October 1, 2012; By, Dimity[caption id="" align="aligncenter" width="500"] My very amenable, very brave running buddies, who stripped for me last Thursday morning, to begin a photo series. I asked the dogs to take off their collars, but they protested: they’re boy runners. Running with us is emasculating enough.[/caption] So I’ve had this idea fermenting in my head for six months now: a photo essay titled What Does a Mother Runner Look Like? A collection of pictures that celebrates the bodies that have carried us through all kinds of miles. I want to show that kickass strong and stretch marks go together–and that, despite what the cover of Runner’s World may broadcast, all sizes and shapes of bodies can be and are runners.I waffled for a long time, though, because I know how easily we women can fall into the how-great-is-her-body and how-much-does-mine-suck game? And I am not willing to promote those kind of sports. (Running? Yes. Jealousy? No.) So here’s my caveat: if you’re going to go into this post with a coveting attitude, covet just one thing: the fact that these women are so proud of their awesome, capable bodies, they’re willing to put them on display. I recruited a couple of pals to kickstart the project, because nobody likes to be first to the party. Initially, I had a very rigid idea of what I thought would work (individuals only, sports bras, short or skirt, in front of plain backdrop, whole body, head cropped off) and then I realized being rigid doesn’t make anybody’s life–and especially mine–easy. What follows is the beginnings of the album: some are group shots, some are alone, some mostly show bellies, others show full bodies, some are headless mother runners and others aren’t. As I work on being flexible, we want you–all of you, no matter how fit you feel, no matter how many little stretchy rivulets run along your abs, no matter if you’re currently channeling badass or not–to join in. Please send us a picture of yourself as a mother runner. You can be with a pal (the two- or four-legged kind); you can crop off your head or not (or ask me to do it); you can be as revealing as you want. (We’d prefer to see you in a sports bra, please, to keep some consistency with the pics.) Might be good to take the pic before a run so we don’t get you in all your sweaty glory, but we’ll take that too. Info to include: Age; number of kids (fine if you don’t have any); number of years you’ve been a runner; proudest running moment; favorite body part (no wiggling out of this one). Pull it together and send it to: runmother at gmail dot com. I will then pull it together in some cool photo album app thing and so the world will know what a mother runner looks like: proud, human, strong, badass. [caption id="" align="aligncenter" width="360"] 43 years old, 2 kids, running for 2 years.[/caption] Proudest running moment: Just a month ago when I got to run Hood to Coast, I was very overwhelmed after finishing my last leg. Favorite body part: My brain because it is one part that keeps getting better with age well for me anyway; knowledge and wisdom increase with the years. If it has to be a visible part, it’s my legs. I truly believe that running saved my life and got me out of postpartum depression for good. [caption id="" align="aligncenter" width="360"] 2 kids; runner for 18 years.[/caption] Proudest running moment: finishing my first marathon in 1999. I felt like I could have kept running even after 26.2 miles! Favorite body part: My arms! Always the easiest part to show how hard you have been working out! [caption id="" align="aligncenter" width="360"] 46 years old, 3 kids, running for 25 years.[/caption] Proudest running moment: clocking 4:01 at the Big Sur Marathon. Favorite body part: my calves. [caption id="" align="aligncenter" width="360"] 40-something; 2 kids; runner for 6 years.[/caption] Proudest running moment: standing at the starting line of my first marathon. Favorite body part: my legs. They have carried me countless miles and they’re stronger than I give them credit for. They respond to strength training and hill running by getting stronger. If I would just listen to my legs instead of my head, I would run faster and farther…. [caption id="" align="aligncenter" width="360"] 48; 2 kids; runner for 4 years.[/caption] Proudest running moment: running my first marathon in 2010 while my daughter was going through chemotherapy for her kidney disease was a huge physical and mental achievement for me. Favorite body part: my thighs. I used to hate them: all fat, huge, giggly, with cellulite. Now they are toned, strong, and can carry me anywhere and as far as I want them to go. They still have some cellulite, but that’s ok.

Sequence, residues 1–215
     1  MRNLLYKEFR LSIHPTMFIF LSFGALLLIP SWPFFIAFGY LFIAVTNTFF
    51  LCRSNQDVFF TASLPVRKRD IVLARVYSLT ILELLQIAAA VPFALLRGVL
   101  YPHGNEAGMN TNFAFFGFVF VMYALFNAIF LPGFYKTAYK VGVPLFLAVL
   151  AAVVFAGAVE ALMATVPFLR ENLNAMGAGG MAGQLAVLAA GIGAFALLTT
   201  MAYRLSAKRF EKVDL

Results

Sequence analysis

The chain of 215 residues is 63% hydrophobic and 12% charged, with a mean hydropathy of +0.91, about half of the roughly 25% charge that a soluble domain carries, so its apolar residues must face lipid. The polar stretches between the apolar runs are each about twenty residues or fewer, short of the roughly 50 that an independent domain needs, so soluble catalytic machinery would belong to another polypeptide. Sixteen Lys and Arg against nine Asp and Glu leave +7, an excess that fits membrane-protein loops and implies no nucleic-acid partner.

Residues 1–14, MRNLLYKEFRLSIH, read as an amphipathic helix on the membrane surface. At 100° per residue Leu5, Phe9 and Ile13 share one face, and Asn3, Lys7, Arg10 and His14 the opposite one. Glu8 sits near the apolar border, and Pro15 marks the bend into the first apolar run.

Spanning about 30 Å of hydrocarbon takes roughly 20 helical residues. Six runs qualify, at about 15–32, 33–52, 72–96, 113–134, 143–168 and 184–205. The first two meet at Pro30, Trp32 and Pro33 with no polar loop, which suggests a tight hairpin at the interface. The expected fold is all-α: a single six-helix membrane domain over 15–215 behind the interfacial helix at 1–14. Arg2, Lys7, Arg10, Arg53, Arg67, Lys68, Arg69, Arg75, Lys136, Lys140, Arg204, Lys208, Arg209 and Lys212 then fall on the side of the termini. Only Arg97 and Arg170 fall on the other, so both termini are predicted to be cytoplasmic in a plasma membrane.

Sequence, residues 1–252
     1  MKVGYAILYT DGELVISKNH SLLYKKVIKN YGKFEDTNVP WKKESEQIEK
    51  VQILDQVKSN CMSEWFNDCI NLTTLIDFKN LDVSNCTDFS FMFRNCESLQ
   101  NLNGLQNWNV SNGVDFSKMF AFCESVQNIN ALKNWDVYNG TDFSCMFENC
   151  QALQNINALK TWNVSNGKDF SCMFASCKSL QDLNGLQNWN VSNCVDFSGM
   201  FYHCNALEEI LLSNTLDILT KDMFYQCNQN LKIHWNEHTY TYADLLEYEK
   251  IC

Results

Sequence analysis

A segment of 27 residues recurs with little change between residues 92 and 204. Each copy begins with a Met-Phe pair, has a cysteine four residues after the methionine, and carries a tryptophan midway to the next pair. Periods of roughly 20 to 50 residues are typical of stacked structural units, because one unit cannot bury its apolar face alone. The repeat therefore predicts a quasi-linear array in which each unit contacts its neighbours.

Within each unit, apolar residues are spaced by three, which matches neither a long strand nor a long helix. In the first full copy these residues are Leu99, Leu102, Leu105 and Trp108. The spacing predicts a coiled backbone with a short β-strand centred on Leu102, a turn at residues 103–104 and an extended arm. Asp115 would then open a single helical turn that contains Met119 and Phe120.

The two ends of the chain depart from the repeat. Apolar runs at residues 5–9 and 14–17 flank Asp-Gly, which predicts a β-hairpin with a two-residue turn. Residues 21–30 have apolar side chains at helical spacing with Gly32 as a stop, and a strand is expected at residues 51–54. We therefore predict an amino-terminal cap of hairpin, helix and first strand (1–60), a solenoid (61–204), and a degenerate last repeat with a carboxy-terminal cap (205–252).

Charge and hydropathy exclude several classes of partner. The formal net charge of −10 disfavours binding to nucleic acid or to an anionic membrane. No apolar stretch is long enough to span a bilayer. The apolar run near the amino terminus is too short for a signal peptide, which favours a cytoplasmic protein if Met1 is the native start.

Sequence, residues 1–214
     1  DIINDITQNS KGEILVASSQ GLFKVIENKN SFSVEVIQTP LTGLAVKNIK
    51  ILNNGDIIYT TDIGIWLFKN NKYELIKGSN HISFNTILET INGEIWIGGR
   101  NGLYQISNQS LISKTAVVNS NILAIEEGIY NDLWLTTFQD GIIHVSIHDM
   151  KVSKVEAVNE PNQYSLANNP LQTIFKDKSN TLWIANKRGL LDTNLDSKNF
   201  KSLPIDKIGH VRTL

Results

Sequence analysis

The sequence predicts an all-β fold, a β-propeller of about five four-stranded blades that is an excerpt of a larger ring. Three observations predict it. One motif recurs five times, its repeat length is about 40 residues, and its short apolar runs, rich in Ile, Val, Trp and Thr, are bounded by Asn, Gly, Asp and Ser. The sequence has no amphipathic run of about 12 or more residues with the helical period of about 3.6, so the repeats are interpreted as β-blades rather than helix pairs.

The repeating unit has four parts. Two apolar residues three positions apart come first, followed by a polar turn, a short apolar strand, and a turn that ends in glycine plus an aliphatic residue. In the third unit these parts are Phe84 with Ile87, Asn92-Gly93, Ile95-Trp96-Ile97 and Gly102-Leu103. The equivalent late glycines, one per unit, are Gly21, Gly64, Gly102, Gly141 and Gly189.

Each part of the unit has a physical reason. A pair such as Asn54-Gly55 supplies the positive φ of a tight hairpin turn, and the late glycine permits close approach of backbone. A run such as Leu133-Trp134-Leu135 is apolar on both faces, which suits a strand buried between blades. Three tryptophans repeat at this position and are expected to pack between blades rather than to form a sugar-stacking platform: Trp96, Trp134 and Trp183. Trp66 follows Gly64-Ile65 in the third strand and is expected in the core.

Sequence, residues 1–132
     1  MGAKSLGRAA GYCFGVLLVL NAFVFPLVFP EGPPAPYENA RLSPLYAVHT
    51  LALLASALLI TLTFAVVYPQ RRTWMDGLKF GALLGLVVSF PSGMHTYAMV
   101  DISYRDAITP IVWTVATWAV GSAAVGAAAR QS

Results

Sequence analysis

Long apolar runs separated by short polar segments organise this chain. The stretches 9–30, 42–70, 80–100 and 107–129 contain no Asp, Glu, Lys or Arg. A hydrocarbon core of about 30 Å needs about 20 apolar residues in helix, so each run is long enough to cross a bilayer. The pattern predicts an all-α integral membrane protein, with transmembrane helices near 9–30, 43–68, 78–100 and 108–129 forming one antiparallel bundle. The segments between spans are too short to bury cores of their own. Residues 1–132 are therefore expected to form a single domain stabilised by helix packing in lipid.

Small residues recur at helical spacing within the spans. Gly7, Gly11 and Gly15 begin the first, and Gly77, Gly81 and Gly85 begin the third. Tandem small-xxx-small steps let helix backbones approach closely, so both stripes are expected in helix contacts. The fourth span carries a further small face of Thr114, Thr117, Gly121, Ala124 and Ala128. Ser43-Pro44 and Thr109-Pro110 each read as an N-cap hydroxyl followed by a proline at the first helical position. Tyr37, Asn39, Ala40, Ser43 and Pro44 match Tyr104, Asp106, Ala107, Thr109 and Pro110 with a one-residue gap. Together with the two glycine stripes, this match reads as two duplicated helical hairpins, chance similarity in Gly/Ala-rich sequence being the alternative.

2 kids; runner for 2 years.Proudest running moment: finishing a half-marathon at the end of a 70.3 triathlon. Favorite body part: my eyes, because they never change.